3. The kinin system
What are the characteristics of
The complement system?
• Induces inflammation (all inflammatory responses)
– Has at least 10 proteins
– Activated by:
• Antigen-antibody complexes
• Bacterial toxins
• Components of other plasma protein systems
– One of the body’s most potent defenders against bacterial infection because an antigen-antibody complex (specific immunity) mediates inflammation, which is nonspecific (double punch)
What are the characteristics of
The clotting (coagulation) system?
• Forms a clot and meshwork at the site of the inflammation to limit the spread of inflammation
1. Prevent the spread of infection and inflammation to adjacent tissues
2. Keep microorganisms at the site of greatest phagocytic activity
3. Form a clot that stops bleeding and provides a framework for future repair and healing (scab)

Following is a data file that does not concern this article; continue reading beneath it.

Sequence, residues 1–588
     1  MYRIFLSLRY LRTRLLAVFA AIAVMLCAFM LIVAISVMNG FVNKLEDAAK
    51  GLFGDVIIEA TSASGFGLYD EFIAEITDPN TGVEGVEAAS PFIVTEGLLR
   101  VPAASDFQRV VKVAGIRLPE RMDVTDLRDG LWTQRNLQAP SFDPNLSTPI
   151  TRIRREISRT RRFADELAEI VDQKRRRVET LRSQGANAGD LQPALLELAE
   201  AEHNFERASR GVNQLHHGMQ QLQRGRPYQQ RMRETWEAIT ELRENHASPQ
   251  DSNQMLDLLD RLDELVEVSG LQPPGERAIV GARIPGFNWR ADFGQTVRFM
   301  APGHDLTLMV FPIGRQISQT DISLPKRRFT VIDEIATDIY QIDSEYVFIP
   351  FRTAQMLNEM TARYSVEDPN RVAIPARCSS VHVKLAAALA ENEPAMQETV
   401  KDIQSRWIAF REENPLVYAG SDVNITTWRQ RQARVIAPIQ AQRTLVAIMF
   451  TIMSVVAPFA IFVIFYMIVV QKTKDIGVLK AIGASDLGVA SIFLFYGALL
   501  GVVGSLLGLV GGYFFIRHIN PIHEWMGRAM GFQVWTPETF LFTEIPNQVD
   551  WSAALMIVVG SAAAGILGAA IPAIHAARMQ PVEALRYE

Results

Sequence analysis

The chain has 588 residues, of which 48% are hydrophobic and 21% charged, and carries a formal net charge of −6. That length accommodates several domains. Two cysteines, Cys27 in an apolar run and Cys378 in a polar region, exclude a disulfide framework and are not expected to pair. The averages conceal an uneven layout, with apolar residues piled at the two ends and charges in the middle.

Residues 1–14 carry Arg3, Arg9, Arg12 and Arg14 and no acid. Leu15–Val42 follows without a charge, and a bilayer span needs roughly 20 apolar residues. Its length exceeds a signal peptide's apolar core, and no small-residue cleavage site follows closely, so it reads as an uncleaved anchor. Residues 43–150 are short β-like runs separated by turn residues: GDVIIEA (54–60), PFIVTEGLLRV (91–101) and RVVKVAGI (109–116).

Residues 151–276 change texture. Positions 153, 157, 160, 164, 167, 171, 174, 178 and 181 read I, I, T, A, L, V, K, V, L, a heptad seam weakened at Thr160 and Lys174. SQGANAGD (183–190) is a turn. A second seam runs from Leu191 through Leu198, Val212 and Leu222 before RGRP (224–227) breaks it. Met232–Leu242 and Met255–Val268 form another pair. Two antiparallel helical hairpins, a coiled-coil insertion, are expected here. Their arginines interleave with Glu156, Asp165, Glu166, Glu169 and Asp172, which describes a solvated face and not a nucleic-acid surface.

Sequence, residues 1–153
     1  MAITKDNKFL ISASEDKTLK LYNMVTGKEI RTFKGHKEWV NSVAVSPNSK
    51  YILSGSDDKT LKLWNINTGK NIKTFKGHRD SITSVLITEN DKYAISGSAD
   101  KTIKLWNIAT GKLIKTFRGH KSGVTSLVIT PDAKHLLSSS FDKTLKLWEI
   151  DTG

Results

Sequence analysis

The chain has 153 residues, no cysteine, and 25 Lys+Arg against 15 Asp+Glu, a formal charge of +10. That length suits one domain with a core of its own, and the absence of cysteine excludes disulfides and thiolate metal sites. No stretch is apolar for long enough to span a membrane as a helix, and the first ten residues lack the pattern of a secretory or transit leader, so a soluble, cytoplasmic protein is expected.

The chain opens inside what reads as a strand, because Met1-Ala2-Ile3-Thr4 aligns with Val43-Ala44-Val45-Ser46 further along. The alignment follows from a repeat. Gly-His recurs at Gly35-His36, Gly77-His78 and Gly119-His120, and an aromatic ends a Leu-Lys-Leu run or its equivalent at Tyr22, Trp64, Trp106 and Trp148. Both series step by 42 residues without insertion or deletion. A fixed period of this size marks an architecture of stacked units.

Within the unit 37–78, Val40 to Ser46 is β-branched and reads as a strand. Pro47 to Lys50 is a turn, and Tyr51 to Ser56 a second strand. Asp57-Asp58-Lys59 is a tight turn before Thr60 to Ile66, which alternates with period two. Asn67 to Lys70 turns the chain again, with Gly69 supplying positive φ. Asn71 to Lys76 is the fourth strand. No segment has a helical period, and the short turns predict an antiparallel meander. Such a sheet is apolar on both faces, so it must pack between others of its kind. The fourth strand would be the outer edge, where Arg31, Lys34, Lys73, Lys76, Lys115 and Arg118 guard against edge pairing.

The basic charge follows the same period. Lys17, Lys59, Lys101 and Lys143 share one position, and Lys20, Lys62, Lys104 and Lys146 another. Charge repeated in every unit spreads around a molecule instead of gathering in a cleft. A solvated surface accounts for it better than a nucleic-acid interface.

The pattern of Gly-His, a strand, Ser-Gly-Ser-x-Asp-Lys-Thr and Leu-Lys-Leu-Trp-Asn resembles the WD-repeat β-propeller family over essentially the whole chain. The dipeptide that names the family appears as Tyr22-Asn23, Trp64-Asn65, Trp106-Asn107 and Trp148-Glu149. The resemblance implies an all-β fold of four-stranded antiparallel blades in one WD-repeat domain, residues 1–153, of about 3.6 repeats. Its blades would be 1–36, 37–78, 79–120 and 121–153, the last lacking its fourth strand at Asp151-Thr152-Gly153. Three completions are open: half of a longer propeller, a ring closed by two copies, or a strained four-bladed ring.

– Fibrin, an insoluble protein, is the main substance of the mesh, and the end product of this cascade
What are the characteristics of
The kinin system?
• Induces vascular responses in the later phase of inflammation
– The primary kinin is bradykinin
– Important during the later phase of inflammation
– The functions of bradykinin are to:
• Induce vasodilatations more slowly than histamine
• Increase vascular permeability
• Increases leukocyte chemotaxis
• Induce pain
Pain killers act against prostaglandins and bradykinin